expend no effort during the spring will assure no results during the fall. Faith further provides to us an irrevocable law decreed in heaven which assures that for every disciplined human effort we will receive a multiple reward… for each cup planted, a bushel reaped…for every good idea given to another, many shall be given to us in return…for every demonstrated act of faith, a multiplicity of the rewards…for every act of love given, a life of love in return…for each seed of encouragement given to another, a gathering of the honest effort expended during the spring, an hour of honest rest in the fall… for each act of patience and understanding rendered to another, a return of patience from another when our own acts give cause for disappointment. It is the promise of spring that as we sow, so shall we also reap. Sow lies, reap lies; sow greed, reap poverty; sow inactivity, reap an empty storehouse; choose to procrastinate, and surely an infant giant will grow to become a monster rendering your future action ineffective. The act of planting during the warm breezes of spring requires that we exert the pain of human discipline, and being unwilling to do so assures that in the coming fall, we shall surely experience the greater pain of regret—the difference is that the pain of discipline weighs ounces, and the pain of regret weighs tons. We must either plant during the springtime of life, or beg from others during the fall. A kernel of corn produces its own kind. A seed of doubt, or fear, or distrust placed in the mind also produces after its own kind. As certainly as the soil gives back like unto that which we place into it, so also does the mind of man give back in human circumstance that which we place into it by our choice of human thought. The price or effort of thinking thoughts of love, prosperity, or self-confidence is no greater than the price given to thoughts of hate, poverty, or self-doubt. Only the rewards are different.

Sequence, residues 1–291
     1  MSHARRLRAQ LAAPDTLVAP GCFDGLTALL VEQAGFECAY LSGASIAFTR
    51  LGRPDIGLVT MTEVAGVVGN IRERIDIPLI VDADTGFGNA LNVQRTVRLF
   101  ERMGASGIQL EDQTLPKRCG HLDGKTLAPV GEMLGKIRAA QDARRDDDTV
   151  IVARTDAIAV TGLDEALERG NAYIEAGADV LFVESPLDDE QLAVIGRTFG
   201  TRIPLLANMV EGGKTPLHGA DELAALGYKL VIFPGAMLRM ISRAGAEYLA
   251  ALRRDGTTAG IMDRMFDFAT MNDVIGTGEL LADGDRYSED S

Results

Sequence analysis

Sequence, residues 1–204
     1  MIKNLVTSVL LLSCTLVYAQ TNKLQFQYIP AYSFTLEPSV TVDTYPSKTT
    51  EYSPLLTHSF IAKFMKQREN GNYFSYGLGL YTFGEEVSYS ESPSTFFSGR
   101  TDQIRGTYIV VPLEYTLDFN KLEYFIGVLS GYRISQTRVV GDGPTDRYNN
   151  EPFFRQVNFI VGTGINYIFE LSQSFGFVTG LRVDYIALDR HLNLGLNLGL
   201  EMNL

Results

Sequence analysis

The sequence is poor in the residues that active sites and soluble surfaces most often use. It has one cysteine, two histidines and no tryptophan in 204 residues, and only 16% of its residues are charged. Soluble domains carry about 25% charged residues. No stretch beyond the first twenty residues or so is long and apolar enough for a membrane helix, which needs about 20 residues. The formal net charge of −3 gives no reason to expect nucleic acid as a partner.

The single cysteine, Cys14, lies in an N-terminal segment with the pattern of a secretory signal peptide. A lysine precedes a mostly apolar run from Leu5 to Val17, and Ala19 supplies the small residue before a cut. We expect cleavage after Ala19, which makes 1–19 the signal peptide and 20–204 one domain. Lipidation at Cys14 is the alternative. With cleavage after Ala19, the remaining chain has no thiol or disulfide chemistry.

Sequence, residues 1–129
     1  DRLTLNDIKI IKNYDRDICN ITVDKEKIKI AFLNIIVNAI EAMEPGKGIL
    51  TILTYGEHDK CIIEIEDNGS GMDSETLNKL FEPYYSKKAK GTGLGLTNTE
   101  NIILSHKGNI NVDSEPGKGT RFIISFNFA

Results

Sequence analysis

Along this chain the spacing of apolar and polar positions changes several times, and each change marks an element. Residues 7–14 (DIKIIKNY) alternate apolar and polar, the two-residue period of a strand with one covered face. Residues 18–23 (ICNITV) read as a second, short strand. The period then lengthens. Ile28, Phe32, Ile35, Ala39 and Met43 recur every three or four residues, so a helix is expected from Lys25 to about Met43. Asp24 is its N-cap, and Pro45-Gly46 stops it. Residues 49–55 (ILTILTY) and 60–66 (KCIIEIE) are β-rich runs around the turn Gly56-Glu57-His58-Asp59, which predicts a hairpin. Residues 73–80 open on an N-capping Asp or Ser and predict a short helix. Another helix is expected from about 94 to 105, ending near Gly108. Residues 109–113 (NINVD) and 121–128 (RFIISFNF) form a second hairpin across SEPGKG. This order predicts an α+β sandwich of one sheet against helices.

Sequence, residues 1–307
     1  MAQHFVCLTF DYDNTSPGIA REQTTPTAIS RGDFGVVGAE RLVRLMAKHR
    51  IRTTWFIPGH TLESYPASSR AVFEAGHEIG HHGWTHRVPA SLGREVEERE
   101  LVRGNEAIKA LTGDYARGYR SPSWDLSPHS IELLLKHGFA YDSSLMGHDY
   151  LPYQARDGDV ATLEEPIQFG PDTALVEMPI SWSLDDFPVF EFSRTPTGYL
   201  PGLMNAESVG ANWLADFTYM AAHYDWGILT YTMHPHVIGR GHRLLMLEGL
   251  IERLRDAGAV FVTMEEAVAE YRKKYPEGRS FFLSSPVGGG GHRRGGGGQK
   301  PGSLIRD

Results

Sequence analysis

Each day is given to us as a new season of spring. The thoughts, deeds, dreams, and efforts of today will provide tomorrow’s harvest. To neglect the opportunity given to us this day is to delay our better future. Do not use today to mentally re-live yesterday or to await the arrival of tomorrow, for tomorrow— when it arrives—will be called today. There will be no better day, no better opportunity, no better springtime, no better time to begin than the current moment. Seize the moments as you find them and mold them into your own better future. Today’s procrastination will surely be tomorrow’s regret. For some, the emergence of springtime is a time of great difficulty. Perhaps because of our own neglect or inactivity of past seasons, we find our storehouse and our stomachs empty. Our need for food or monies is not in the coming fall… but now. The voices of those we love echo their needs brought about by our lack of effort or results, and their eyes look away from us, lest we detect the shame and disappointment shown in them. Under circumstances such as these we are often given to forget that the seasons will neither speed up nor slow down because of our needs. The springtime will only appear, but it will not wait, nor will it transform seed into harvest. As always, the seed as well as our needs must await the changing seasons. We cannot ask nature for an advance. Talent, need, desire, and prayer are meaningless to those suffering the painful consequences of earlier neglect—and with empty stomachs, barren storehouse, and great regret we must enter the fields during this spring, for to neglect once again because of our demeaning circumstances is to assure a continuance of the current conditions. Finally, become wise enough to recognize the faint glimmerings of the springtimes of life which manifest themselves each day: the opportunity to listen to the words of those wiser than ourselves; the opportunity to lift a child upon your knee; the opportunity to walk a beach with someone you love; the opportunity to absorb the value of a good book; the opportunity to speak good things of someone, when habit prompts you to find fault; the opportunity to watch the hummingbirds, or the flowers, or a 23